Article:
In celebration of Alan Sillitoe at 80
On 4 March 2008, next Tuesday, Alan Sillitoe will celebrate his 80th birthday, and tens of thousands of other people the world over should be celebrating it too. Everyone remembers him for those early masterpieces, Saturday Night and Sunday Morning and The Loneliness of the Long Distance Runner, two works that changed the English fiction landscape for ever and whose film versions, with Alan's screenplays, are imprinted on the minds of everyone over 40 (and many younger too). Alan Sillitoe has so far written (I calculate) 79 other books besides those two: more than one book for every year of his long life; all published in the half-century from 1957 to 2007, this works out at just over one-and-a-half books a year, a truly Stakhanovite record — and the other good news is that he's still writing and seems set to continue writing for at least another half-century. His versatility is also very remarkable: the books include (in addition to the prolific fiction) autobiography, writings for children, plays, essays, poetry, screenplays, short stories, and travel. His bibliography on the Web is extraordinarily impressive. Many of his books have (unsurprisingly) won literary awards.
As this picture shows, Alan does most of his writing by hand, so it's the more remarkable that he is also an expert amateur radio ham, including a reader and tapper-out of Morse Code, as well as a devoted collector and connoisseur of maps, activities descended from his service in the RAF in Malaya. He has lived at various times in various places in Europe and north Africa; now a Londoner, but still unalterably nourished by his Nottingham roots: how appropriate, then, that he is shortly to be made a Freeman of the City of Nottingham (which, I'm told, will give him the right to drive a flock of sheep through the centre of town). He's an undaunted but highly discriminating man of the left. He has too a distinguished academic record: Visiting Professor of English at Leicester de Montfort University (1994-7), Fellow of the Royal Society of Literature and of the Royal Geographical Society, and an Honorary Fellow of Manchester Polytechnic (1977). He has been awarded honorary doctorates by Nottingham Polytechnic (1990), Nottingham University (1994) and De Montfort University (1998).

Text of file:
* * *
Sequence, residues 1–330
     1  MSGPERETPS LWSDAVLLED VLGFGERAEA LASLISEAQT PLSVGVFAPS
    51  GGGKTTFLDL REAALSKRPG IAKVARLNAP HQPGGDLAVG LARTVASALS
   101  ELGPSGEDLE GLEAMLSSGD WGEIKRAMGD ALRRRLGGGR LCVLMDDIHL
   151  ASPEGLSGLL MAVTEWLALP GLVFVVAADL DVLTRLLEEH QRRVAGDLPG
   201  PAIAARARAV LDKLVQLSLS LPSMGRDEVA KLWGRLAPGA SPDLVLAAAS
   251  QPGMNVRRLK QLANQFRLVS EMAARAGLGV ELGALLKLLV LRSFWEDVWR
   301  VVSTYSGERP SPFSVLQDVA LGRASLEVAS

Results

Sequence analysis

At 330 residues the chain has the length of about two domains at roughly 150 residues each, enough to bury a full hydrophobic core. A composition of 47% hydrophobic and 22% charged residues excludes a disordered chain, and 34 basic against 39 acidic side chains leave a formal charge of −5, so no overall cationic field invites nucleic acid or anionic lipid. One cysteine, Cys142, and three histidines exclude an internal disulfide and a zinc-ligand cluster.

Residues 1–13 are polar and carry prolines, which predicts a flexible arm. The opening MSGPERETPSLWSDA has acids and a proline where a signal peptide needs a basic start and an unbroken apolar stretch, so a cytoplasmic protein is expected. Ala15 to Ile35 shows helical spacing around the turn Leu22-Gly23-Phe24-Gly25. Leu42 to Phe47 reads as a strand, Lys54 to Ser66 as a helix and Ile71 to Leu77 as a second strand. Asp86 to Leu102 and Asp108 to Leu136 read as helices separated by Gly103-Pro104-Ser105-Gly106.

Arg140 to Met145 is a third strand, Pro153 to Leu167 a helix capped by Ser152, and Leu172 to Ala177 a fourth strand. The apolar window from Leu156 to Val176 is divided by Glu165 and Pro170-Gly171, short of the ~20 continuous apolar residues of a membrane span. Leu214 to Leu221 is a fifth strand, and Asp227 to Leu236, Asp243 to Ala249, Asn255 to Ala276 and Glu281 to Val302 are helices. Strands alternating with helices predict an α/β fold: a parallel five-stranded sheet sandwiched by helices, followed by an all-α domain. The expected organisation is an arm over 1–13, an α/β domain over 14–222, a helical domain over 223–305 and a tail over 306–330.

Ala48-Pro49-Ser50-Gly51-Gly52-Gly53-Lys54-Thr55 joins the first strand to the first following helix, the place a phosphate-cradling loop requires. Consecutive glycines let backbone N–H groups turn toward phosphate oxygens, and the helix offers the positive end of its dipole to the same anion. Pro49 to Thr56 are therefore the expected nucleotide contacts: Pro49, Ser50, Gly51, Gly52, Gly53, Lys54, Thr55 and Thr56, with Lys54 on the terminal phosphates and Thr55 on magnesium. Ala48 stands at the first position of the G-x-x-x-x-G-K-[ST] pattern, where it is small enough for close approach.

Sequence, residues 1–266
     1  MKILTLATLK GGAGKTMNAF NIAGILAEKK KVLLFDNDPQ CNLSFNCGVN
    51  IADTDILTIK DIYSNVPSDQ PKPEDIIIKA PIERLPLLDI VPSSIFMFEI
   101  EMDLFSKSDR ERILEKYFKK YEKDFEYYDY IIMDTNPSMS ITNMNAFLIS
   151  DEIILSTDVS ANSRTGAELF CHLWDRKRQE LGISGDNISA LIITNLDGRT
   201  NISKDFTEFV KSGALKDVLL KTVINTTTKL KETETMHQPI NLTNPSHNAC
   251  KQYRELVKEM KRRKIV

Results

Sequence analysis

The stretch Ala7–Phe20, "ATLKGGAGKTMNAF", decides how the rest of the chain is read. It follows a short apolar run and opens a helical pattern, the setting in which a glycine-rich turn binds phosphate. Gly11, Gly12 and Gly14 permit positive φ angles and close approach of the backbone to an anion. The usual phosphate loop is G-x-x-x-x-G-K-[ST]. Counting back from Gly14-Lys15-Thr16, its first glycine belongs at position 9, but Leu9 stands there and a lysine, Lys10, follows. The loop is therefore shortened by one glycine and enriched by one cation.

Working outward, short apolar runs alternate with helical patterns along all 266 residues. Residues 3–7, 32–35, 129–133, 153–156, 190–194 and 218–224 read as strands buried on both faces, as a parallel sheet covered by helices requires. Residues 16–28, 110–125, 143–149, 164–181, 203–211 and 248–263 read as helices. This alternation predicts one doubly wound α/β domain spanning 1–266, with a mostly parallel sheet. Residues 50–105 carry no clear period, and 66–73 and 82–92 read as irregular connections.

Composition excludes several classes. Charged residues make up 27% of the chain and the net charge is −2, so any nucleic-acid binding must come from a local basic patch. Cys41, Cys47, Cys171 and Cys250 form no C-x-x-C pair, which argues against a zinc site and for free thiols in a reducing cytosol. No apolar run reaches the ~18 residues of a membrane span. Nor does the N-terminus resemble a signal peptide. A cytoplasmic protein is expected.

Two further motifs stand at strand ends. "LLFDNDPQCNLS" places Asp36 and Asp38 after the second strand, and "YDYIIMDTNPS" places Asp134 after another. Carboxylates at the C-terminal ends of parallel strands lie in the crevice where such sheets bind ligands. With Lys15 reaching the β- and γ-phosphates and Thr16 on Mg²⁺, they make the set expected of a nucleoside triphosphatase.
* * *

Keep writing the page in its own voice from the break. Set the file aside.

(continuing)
Meeting this sharp, observant but strikingly unassuming and friendly figure, you'd never guess that he's what the tabloids would call a legend in his own lifetime: a writer whose style is so deceptively clear and simple that you'd easily miss the artifice and skill that lies behind it. A review of one of his books in the Guardian, published in 2004, gives an excellent impression of him.
Not least, he's the devoted and long-time husband of the distinguished poet Ruth Fainlight, of whom I'm proud to be a second cousin — as well as an admiring and affectionate friend of this amazingly productive and beautiful couple.
Happy birthday, Alan, and many more of them: all, let's hope, still at an average rate of a book and a half a year!